Dear NYU Students & Parents:
The start of the academic year at New York University is upon us and a few short days from now, we will be welcoming both new and ongoing students back to campus for the Fall semester.
As expected, H1N1 flu has remained a focus of attention for health authorities and providers, including campus health officials across the country. Consistent with the advice of public health authorities, NYU plans to remain operational and continue our educational mission in the face of possible outbreaks on campus.
New York University has prepared throughout the spring and summer to address the expected increase in the number of flu cases this fall as students and staff return to classes (please refer to http://www.nyu.edu/shc/flu for a brief summary of our planning and the latest updates throughout the academic year).
At this juncture, we are writing to remind you of the ways in which you as a student and as a parent, can help yourself and your son or daughter – and, by extension, the entire NYU community – to prevent the unnecessary spread of flu and infection. For students studying abroad for the entire semester, please consult with the Student Life staff upon arrival at the site for specific guidelines as not all of the following will apply.
First, if you have flu-like symptoms (fever, cough, sore throat, body aches) before coming to campus for the start of classes, please wait until you are fever free (at rest, temperature less than 100 degrees Fahrenheit) for at least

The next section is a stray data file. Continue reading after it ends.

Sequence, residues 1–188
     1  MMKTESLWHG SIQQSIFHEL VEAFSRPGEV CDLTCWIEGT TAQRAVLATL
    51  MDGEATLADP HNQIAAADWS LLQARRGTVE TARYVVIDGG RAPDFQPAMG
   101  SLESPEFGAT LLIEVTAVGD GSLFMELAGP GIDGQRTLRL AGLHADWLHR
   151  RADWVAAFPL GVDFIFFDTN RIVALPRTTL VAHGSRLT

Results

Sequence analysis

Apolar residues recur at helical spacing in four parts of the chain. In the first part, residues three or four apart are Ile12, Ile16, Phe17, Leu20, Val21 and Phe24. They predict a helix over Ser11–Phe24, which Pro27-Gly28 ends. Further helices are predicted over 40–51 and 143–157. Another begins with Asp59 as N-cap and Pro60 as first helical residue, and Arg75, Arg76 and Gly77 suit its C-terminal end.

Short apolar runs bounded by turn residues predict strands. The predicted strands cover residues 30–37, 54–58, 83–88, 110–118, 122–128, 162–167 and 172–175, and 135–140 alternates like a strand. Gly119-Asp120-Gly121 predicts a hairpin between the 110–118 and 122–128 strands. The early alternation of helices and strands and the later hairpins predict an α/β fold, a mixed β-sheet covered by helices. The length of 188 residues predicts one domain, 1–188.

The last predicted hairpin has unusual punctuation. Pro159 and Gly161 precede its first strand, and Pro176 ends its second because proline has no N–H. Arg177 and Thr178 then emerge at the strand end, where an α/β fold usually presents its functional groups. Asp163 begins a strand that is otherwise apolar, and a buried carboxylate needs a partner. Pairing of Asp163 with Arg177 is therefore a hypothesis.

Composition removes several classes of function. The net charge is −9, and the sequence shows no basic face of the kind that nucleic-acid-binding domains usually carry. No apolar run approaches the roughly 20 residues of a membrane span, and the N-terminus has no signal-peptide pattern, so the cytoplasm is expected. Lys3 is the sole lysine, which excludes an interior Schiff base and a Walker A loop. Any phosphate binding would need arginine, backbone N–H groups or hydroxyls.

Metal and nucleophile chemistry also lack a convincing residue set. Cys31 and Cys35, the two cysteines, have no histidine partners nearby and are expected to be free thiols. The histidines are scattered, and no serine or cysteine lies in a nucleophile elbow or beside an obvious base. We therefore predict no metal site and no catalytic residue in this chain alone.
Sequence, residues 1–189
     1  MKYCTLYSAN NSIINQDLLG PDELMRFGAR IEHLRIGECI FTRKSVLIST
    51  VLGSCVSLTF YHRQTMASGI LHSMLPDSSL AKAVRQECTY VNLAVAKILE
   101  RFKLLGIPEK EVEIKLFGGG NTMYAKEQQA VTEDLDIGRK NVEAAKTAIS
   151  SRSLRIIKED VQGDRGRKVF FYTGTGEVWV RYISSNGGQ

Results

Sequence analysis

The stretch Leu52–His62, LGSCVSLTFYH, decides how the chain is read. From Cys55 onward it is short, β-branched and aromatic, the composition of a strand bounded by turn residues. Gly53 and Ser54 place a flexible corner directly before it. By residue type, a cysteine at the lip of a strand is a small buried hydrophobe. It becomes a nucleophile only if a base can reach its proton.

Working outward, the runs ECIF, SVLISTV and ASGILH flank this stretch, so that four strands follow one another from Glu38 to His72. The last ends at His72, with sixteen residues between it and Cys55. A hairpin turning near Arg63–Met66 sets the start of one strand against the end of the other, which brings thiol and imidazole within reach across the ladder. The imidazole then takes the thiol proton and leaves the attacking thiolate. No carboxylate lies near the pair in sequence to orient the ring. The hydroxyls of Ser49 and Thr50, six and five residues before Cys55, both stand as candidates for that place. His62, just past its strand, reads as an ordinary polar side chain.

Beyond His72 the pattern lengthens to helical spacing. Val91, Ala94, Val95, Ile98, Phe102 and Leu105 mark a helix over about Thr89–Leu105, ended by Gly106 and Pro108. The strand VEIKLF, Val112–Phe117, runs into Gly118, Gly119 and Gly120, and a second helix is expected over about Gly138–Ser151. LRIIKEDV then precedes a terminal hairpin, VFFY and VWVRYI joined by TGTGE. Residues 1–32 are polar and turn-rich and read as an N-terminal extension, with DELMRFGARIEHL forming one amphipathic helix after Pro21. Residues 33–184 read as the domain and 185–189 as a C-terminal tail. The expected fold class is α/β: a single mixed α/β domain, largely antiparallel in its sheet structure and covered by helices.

24 hours before arriving. Please e-mail firstname.lastname@example.org to advise us that you will be arriving late and this office will notify your academic advisers about any absences from orientation activities or classes. If you are living in the residence hall, your assignment will be secured by emailing email@example.com from your NYUHome account with the subject line "DELAYED CHECK- IN" about your illness and anticipated move-in date.
Second, if you have any chronic illnesses such as asthma or diabetes, please make sure that you discuss with your personal health professional any precautions that you might need to take prior to coming to campus. You can also call to discuss your concerns with a NYU Student Health Center (SHC) clinician at 212-443-1000.